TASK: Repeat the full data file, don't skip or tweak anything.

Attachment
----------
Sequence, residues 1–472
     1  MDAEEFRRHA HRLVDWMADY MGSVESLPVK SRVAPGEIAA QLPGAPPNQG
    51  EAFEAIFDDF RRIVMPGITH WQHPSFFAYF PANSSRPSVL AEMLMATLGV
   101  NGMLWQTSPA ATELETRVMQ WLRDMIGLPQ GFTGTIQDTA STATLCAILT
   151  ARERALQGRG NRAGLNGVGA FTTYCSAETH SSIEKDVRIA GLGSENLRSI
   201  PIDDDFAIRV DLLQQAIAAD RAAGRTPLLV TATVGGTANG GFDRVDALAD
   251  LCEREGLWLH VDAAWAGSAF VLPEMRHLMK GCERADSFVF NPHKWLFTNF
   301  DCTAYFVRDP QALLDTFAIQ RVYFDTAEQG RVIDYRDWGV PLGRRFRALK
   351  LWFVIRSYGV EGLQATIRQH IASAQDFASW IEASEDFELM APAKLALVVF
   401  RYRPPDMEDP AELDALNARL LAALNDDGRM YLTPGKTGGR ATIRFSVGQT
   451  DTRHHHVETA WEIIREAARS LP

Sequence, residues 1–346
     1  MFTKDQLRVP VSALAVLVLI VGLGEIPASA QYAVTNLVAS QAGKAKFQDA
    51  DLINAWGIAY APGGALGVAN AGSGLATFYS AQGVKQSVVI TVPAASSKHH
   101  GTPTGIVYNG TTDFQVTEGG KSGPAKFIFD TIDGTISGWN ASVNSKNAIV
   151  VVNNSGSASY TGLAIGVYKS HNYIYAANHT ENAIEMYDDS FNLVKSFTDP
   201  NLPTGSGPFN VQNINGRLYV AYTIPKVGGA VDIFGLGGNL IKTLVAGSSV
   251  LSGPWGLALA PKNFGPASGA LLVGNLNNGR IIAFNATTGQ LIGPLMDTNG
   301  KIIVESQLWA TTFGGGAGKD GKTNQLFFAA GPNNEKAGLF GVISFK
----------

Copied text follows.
Sequence, residues 1–472
     1  MDAEEFRRHA HRLVDWMADY MGSVESLPVK SRVAPGEIAA QLPGAPPNQG
    51  EAFEAIFDDF RRIVMPGITH WQHPSFFAYF PANSSRPSVL AEMLMATLGV
   101  NGMLWQTSPA ATELETRVMQ WLRDMIGLPQ GFTGTIQDTA STATLCAILT
   151  ARERALQGRG NRAGLNGVGA FTTYCSAETH SSIEKDVRIA GLGSENLRSI
   201  PIDDDFAIRV DLLQQAIAAD RAAGRTPLLV TATVGGTANG GFDRVDALAD
   251  LCEREGLWLH VDAAWAGSAF VLPEMRHLMK GCERADSFVF NPHKWLFTNF
   301  DCTAYFVRDP QALLDTFAIQ RVYFDTAEQG RVIDYRDWGV PLGRRFRALK
   351  LWFVIRSYGV EGLQATIRQH IASAQDFASW IEASEDFELM APAKLALVVF
   401  RYRPPDMEDP AELDALNARL LAALNDDGRM YLTPGKTGGR ATIRFSVGQT
   451  DTRHHHVETA WEIIREAARS LP

Sequence, residues 1–346
     1  MFTKDQLRVP VSALAVLVLI VGLGEIPASA QYAVTNLVAS QAGKAKFQDA
    51  DLINAWGIAY APGGALGVAN AGSGLATFYS AQGVKQSVVI TVPAASSKHH
   101  GTPTGIVYNG TTDFQVTEGG KSGPAKFIFD TIDGTISGWN ASVNSKNAIV
   151  VVNNSGSASY TGLAIGVYKS HNYIYAANHT ENAIEMYDDS FNLVKSFTDP
   201  NLPTGSGPFN VQNINGRLYV AYTIPKVGGA VDIFGLGGNL IKTLVAGSSV
   251  LSGPWGLALA PKNFGPASGA LLVGNLNNGR IIAFNATTGQ LIGPLMDTNG
   301  KIIVESQLWA TTFGGGAGKD GKTNQLFFAA GPNNEKAGLF GVISFK